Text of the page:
This week in the Dry Bones Blog, we’ll be expanding on the topic of coffee acidity that we touched on in the last post. Just how acidic is coffee? What are some of the acids present in coffee? What makes a particular brew more or less acidic? All of this coming at ya hot, steaming, and delicious!
Acidity is measured on the ph scale, a numbering system that rates a substance’s acidity 0-12. Pure water is considered neutral at 7, with any lower numbers on the scale being acidic and any higher numbers being basic. Some examples would be things like soap and antacids having higher ph values, and things like lemon juice and soda having lower ph values. Though it can vary, coffee on average has a ph value of 4.5 to 5 meaning that it is more acidic than saliva or milk, and less acidic than tomato juice or beer. Personally, I was surprised that it was so mild. It seems to me that some toothpaste commercials would have you believe that coffee is just shy of battery acid.
The ph value alone, however, is not enough to wrap your head around just what all those acids are doing. For that, we need to look at some of the major types of acids at play in coffee. First there are the chlorogenic acids. These acids are known to be antioxidants and are most present in coffee before it is ever roasted. As the beans are roasted, the chlorogenic acids break down, meaning that the darker the roast, the fewer chlorogenic acids. Though the chlorogenic acids degrade during roasting, the chemical components they’re made of reform into the other major type of acid prevalent in coffee: quinic acids. Dark roasts are higher in quinic acids which are closely associated with the astringency of coffee as well as a “sour” feeling in the stomach after drinking coffee.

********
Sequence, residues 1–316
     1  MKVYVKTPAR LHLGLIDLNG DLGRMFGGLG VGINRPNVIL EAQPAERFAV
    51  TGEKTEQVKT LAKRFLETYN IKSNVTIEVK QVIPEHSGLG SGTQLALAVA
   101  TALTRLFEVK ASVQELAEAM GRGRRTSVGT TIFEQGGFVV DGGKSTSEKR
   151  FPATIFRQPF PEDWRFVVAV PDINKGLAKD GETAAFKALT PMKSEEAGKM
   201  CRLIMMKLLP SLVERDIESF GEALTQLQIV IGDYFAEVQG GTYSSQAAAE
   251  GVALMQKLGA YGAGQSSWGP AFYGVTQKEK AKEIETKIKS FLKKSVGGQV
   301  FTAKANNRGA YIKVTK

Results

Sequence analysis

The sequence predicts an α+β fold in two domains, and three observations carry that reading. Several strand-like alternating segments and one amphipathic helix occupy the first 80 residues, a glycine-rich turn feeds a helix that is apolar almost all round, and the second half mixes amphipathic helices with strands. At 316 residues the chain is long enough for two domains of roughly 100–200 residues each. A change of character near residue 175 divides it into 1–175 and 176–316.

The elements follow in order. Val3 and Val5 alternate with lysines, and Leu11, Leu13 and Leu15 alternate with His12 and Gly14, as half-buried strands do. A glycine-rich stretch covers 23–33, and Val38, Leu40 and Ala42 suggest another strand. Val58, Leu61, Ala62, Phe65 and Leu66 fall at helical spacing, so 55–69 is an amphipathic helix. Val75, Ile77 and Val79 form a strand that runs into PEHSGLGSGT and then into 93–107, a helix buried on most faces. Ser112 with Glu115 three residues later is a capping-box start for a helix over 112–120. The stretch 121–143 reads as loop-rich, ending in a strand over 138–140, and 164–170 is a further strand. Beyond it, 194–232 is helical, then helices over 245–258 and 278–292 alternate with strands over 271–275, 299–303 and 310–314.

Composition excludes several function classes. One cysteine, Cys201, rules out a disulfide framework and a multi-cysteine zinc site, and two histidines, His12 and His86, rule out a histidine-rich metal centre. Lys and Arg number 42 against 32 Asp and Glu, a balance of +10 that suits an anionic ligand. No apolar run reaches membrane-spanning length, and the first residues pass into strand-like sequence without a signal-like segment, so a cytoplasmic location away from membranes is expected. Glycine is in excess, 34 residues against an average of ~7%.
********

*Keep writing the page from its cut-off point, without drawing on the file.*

But all these acids have to come from somewhere in the first place, and even when beans are roasted identically some coffees are naturally more acidic than others. Why is that? As with any facet of coffee, there are dozens of variables that factor in acidity, but the most succinct explanation is: location, location, location. Things like soil content and just good ole’ genetics play major roles in a certain coffee’s acidity. A more universal factor, however, seems to be the elevation at which the coffee is grown. Coffee grown at higher elevations is usually found to be more acidic, and also to have more complex and desirable flavor notes. This is because the climate tends to be cooler at higher elevations which causes the coffee cherries to ripen more slowly. This slower ripening process is how coffee is able to develop more complex flavor profiles.
It may surprise you that acidity is actually a descriptor of positive tasting attributes. Outside of the aforementioned acids; quinic and chlorogenic, there are a few other acids present in coffee that create positive tasting notes in various coffees. Citric, malic, phosphoric, acetic, and tartaric acids can all be found in different foods so naturally when present in coffee they produce those similar tasting notes. These acids produce flavors ranging from citrusy to sweet to grapeish like wine to tropical fruit tastes like mango. Overall, acidity is essential to various positive flavor notes present in coffee.